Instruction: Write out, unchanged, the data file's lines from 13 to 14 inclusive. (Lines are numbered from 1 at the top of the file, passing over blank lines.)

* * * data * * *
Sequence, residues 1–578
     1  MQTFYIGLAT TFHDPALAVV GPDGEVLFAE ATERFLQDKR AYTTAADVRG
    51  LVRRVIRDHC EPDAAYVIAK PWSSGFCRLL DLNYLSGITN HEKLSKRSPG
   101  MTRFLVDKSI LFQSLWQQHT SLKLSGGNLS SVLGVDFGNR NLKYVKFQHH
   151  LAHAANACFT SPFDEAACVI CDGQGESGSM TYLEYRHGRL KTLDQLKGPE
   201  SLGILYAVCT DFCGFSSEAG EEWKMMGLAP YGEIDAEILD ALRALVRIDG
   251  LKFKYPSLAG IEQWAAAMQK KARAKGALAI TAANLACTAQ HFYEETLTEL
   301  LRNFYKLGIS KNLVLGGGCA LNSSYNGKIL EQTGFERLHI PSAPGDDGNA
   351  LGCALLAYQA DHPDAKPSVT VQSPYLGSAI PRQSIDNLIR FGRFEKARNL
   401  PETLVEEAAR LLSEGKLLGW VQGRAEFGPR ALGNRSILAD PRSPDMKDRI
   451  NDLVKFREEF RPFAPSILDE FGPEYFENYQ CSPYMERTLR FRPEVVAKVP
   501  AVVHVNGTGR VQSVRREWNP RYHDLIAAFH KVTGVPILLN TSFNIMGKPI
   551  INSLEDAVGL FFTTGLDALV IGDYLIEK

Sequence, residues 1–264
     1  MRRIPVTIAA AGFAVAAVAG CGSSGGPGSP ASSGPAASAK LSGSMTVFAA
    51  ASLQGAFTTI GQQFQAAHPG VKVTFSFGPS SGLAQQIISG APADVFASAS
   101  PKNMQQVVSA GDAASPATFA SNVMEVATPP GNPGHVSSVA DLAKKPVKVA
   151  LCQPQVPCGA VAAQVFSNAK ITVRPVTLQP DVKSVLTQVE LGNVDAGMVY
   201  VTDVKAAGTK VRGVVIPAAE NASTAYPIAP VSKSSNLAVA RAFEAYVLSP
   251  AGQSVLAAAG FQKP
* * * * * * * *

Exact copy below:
   551  INSLEDAVGL FFTTGLDALV IGDYLIEK

Sequence, residues 1–264